If you forgot your phone at home, would you come back again to get it back? Of course you will! Now, if you forgot your wallet at home, would you ever come back to retrieve it? Probably. In other words, while we can survive without our wallets, we cannot survive without our phones.
Much research has been devoted to the current generation’s increasing dependence on phones. Telecoms entrepreneur Arlene Harris states forcefully in a recent article that “There are more cell phones in use today than there are people, but a measure of quantity alone underestimates the importance of the cell phone to those who depend on it.” In other words, while the sheer number of phones in this world is awesome, what’s even more surprising is the level of influence these devices have.
Phones are used for just about everything and have basically become an extension of our bodies. They tell us when to wake up and when to go to bed, remind us of our doctors’ appointments, deposit checks and provide us with countless forms of entertainment. Cell phones have revolutionized many aspects of society. Health apps have brought medical care to previously inaccessible places, and navigation apps have allowed us to travel farther, safely and more efficiently than ever before. The mobile phone revolution has played a role in judicial decisions. In an article written by Sarah Jeong, she discussed how in the 2014 Supreme Court case Riley v. California, Chief Justice John Roberts identified phones as an integral part of human existence, a decision that has already affected many areas of legislation.
So it’s not surprising that this reliance on phones leads to an endless list of unread messages. In Joanna Stern’s article “Sorry I Missed Your Text: Messaging is the New Email”, she states that “Messaging apps are no longer just a place for friends and family. They’re now also where we sync with class parents, work contacts and all the expected attendees at the event. Upcoming family reunion. While in the past companies and organizations sent unsolicited messages to our email addresses, now it reaches us via text messages more often. Stern attributes this to “everyone Wants[ing] to meet us where we are most engaged and responsive.” Even YU falls into this category. While in the past, announcements about events might have been limited to emails, now there are many group chats for all different purposes including Jewish events, clubs, speakers, and more.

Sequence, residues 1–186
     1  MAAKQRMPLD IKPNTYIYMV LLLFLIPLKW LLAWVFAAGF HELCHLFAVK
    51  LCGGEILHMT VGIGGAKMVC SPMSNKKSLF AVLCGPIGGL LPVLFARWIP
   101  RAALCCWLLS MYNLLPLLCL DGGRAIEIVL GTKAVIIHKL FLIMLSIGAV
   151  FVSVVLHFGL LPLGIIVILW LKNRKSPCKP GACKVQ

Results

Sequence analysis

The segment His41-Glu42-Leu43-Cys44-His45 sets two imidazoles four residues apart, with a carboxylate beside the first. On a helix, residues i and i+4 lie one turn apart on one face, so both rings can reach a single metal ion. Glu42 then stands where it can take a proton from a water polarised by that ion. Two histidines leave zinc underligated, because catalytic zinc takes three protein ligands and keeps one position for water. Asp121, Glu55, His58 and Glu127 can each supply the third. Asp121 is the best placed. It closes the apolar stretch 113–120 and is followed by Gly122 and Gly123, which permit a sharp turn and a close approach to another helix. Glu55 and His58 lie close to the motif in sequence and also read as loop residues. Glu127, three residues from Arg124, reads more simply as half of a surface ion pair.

Almost every time I pick up my phone, I find myself lost in a sea of WhatsApp messages from random group chats. Sometimes I feel like if I’m away from my phone for an extended period of time, I need to spend a similar amount of time catching up on my unread messages. The overwhelming amount of ads and club group chats prevent one from finding the most important messages from friends and family.
Feeling the need to catch up on messages or seeing tons of emails can be very overwhelming and stressful. However, there are ways to manage constant cell phone notifications while we are still fully active in our lives. To better separate work and family, Stern suggests moving some messages to your company email address, allowing you to keep your messaging apps almost exclusively personal. Plus, if you’re not quite interested in doing what’s calling you, feel free to exit the chat or unsubscribe. As Stern points out, “We cannot engage and respond if we cannot sort out the important from the unimportant.” Likewise, if you rarely read any of the messages from a group chat, maybe think again before joining. Finally, to limit your long list of texts, you can set aside certain times during the day to catch up or make sure you answer them all before bed.
Since we live in an era that relies heavily on technology, it is crucial that we actively identify the role our phones play in our lives. Coping with the never ending text messages that many of us have can be daunting. However, by taking time to respond, separating the important from the unimportant and not hesitating to walk away from conversations, we move away from a state of constant tension to a state of full attention to the most important things in life.
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Image caption: WhatsApp notifications
Image source: Medium.com